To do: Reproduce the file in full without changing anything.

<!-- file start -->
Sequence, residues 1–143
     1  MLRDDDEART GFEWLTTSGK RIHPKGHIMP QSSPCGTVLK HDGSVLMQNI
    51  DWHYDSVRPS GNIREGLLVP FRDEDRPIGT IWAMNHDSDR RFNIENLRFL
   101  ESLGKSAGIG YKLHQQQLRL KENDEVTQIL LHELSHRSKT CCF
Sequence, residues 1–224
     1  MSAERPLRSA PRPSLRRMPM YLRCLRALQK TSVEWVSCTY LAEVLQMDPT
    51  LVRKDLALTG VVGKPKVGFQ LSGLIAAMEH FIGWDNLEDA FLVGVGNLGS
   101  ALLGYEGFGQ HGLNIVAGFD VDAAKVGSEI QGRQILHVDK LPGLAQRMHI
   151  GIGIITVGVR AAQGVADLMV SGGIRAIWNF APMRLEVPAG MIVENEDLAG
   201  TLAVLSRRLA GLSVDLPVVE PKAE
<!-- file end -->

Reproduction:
Sequence, residues 1–143
     1  MLRDDDEART GFEWLTTSGK RIHPKGHIMP QSSPCGTVLK HDGSVLMQNI
    51  DWHYDSVRPS GNIREGLLVP FRDEDRPIGT IWAMNHDSDR RFNIENLRFL
   101  ESLGKSAGIG YKLHQQQLRL KENDEVTQIL LHELSHRSKT CCF
Sequence, residues 1–224
     1  MSAERPLRSA PRPSLRRMPM YLRCLRALQK TSVEWVSCTY LAEVLQMDPT
    51  LVRKDLALTG VVGKPKVGFQ LSGLIAAMEH FIGWDNLEDA FLVGVGNLGS
   101  ALLGYEGFGQ HGLNIVAGFD VDAAKVGSEI QGRQILHVDK LPGLAQRMHI
   151  GIGIITVGVR AAQGVADLMV SGGIRAIWNF APMRLEVPAG MIVENEDLAG
   201  TLAVLSRRLA GLSVDLPVVE PKAE